"The Book Works intends to spend a lot of time visitng Bookfuturism. We encourage you to do so, too. Our interests are philosophical but also very, very practical. We want to survive, we want to adapt, we want to stick with you (and vice versa) through the next several decades. If we are inspired enough, we may try out some ideas in a project that I'm calling "Bookfuturism: A Case Study"."
friends  lisastefanacci  thebookworks  bookfuturism  books  booksellers 
december 2009 by robertogreco
Embracing eclecticism « Snarkmarket
"How will my book­store evolve over the next sev­eral decades? How can I retain the essence of what I do — and how the store serves the com­mu­nity? It’s sound­ing like the cur­rent model will be obso­lete pretty soon, at least in terms of finan­cial via­bil­ity. I can’t tell at this point how the Amer­i­can Book­sellers Asso­ci­a­tion is going to help us tran­si­tion to the near future, but I doubt there will be any rev­o­lu­tion­ary changes — they are advo­cates for too many indies to try any­thing too rad­i­cal too quickly. As for me, I’m plan­ning to stick around and fol­low your con­ver­sa­tions, per­haps try out an idea or two, and attempt to fash­ion a model that will fly in the real world. Maybe I’ll start a blog on the store web­site: Book­fu­tur­ism: A Case Study."
thebookworks  bookfuturism  snarkmarket  timcarmody  comments  friends  booksellers  bookstores  future  lisastefanacci 
december 2009 by robertogreco
Orange County Music - LA's Wounded Lion Take Pride in Making a Lot Out of a Little - page 1
"For a certain kind of person (crazy or just nice?), it’s instantly charming. Devo did this, the Clean did this, and the Mekons did it almost better than anyone. You can sing along on the second chorus as soon as you understand the words in the first. You can play it yourself whenever you care to learn. You can laugh the first time you hear it and laugh a different way the very next." ... "“My worst nightmare in the world is the Decemberists!” he says. “I hate the music, I hate his voice, and most of all, I hate the lyrics! This notion of literary rock! If you’re intelligent and you really wanna communicate, you’ll speak clearly. Some people think if you’re intelligent, you’ll obfuscate. Like that proves you’re smart? It’s similar to the urgency of rock music—there isn’t time! You must not care that much if you’re gonna dick around.”"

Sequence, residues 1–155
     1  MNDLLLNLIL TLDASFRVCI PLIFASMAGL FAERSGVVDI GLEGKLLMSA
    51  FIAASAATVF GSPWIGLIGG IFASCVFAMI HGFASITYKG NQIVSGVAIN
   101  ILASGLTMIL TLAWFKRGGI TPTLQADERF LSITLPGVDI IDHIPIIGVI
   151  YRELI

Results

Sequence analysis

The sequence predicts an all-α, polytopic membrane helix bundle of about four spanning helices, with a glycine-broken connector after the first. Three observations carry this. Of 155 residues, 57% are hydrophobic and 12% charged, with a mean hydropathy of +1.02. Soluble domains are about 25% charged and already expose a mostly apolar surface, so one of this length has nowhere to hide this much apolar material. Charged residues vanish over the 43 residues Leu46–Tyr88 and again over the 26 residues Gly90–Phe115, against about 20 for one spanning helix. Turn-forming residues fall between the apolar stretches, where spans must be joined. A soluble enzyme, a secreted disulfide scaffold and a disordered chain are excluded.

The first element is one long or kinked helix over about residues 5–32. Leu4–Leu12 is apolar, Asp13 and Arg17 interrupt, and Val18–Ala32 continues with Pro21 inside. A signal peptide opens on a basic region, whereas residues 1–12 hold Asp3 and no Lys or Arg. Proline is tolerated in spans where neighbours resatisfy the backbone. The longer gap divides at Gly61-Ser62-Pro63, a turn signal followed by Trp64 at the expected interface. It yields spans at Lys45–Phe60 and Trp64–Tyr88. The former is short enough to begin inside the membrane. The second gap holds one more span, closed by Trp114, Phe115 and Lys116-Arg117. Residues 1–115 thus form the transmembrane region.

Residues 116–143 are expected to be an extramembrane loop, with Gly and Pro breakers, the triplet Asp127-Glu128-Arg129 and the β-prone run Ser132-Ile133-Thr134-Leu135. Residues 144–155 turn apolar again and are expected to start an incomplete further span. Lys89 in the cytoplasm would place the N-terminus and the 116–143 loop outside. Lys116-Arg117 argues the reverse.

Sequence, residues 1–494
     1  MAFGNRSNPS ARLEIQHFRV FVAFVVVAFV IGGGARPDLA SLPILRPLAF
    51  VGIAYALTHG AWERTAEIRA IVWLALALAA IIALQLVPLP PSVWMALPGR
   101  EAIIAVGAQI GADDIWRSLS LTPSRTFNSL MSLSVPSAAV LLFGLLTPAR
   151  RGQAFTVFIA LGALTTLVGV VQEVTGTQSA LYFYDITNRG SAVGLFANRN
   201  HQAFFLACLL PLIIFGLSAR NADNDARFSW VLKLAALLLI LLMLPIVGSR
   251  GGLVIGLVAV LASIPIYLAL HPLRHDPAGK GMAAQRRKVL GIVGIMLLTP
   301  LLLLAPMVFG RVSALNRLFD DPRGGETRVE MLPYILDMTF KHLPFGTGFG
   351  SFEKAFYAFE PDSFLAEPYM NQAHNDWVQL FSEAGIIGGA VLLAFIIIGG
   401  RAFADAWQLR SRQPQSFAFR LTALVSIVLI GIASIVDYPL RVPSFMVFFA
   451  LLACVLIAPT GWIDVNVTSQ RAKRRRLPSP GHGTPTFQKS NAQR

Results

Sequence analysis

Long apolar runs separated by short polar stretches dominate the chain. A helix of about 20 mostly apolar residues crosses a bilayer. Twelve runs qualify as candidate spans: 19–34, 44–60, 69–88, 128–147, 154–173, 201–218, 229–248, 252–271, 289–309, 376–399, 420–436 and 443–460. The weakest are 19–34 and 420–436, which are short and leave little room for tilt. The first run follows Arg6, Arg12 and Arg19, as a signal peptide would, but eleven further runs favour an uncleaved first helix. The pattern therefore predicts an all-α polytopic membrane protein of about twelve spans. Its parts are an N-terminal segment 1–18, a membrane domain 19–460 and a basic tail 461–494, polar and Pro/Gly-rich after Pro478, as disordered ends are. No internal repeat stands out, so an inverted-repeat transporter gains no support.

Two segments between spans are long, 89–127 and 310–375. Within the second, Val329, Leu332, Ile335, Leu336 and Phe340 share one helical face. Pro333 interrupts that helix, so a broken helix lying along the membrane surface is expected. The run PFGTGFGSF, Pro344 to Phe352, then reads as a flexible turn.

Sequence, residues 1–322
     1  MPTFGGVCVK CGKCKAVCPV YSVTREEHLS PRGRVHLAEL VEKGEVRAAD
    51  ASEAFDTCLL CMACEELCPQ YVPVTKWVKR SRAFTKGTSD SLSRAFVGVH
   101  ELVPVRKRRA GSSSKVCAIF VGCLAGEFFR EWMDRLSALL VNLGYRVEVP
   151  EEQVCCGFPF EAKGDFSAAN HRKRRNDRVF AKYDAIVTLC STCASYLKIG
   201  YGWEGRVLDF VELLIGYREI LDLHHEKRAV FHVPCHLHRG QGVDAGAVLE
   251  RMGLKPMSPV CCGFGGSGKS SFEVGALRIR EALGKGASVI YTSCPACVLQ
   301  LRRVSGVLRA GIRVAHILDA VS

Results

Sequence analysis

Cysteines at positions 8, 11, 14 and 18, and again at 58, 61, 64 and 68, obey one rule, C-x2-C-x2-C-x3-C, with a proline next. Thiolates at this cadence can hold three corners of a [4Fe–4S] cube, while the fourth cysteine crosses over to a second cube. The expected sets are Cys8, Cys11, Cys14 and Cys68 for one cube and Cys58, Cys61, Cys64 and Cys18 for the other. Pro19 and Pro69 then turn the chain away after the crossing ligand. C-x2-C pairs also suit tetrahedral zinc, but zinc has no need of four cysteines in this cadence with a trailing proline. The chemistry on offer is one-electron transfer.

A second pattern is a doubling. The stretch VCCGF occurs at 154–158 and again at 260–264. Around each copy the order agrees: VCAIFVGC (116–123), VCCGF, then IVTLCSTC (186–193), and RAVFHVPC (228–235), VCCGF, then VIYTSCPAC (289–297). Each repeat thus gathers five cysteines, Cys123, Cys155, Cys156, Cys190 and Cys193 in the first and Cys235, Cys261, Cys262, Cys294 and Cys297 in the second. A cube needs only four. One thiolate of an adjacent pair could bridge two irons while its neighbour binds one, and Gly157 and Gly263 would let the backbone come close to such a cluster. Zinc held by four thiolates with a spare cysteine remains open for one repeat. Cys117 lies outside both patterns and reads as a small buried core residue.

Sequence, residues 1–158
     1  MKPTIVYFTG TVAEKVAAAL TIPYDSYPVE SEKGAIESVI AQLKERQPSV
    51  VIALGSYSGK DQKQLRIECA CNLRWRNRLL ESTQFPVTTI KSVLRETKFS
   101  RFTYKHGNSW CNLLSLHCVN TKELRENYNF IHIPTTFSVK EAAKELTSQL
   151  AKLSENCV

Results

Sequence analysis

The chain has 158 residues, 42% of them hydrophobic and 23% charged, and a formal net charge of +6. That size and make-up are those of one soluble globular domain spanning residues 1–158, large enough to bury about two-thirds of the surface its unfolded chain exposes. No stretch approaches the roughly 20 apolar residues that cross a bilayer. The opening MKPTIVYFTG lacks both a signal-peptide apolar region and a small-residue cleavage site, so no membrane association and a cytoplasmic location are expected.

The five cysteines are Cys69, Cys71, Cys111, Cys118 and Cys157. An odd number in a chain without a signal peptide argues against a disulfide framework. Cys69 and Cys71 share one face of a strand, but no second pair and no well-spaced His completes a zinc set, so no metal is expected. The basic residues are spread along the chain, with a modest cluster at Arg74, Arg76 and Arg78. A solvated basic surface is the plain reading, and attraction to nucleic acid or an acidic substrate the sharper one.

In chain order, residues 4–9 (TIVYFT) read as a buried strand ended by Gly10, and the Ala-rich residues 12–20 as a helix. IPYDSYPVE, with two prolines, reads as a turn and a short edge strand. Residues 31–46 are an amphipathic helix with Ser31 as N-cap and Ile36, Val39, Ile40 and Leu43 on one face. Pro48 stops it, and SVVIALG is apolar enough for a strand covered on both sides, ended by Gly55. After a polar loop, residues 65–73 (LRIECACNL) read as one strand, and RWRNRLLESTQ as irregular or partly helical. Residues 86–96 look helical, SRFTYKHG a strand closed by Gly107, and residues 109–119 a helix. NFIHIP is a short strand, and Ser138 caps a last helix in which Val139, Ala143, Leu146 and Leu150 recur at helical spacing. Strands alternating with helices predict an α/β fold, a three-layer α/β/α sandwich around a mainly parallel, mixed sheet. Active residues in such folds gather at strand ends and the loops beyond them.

bradeberhard  woundedlion  music  friends 
september 2009 by robertogreco
David L. Carr - Department of Geography, University of California, Santa Barabara
Javier: David Carr was a classmate of mine for a semester in Chile. I thought some of his research might be of interest to you. - "Human dimensions of global environmental change, land use/cover change, migration, fertility, health, rural poverty and development, Latin America"
friends  geography  latinamerica  migration  poverty  economics  agriculture  health  rural 
may 2009 by robertogreco
Joshuah Bearman: From The Brad Eberhard Files
"Brad once told told me that he was perusing detailed liner notes from an Adam Ant box set of some kind and was extremely gratified to learn that Adam Ant was the only white musician to play the Motown 25th Anniversary concert in 1984. This is the kind of information Brad has at his disposal. The other day, Brad sent me the following email: "[...] I began learning how to use garageband yesterday. my socks were wet and it affected the computer. time was a circle and a line was drawn accross its face. the circle was 50 years wide. I followed he line and there was joe meek.""
bradeberhard  music  friends  woundedlion  garageband  art 
february 2009 by robertogreco
Anomalous LA: The World of Wounded Lion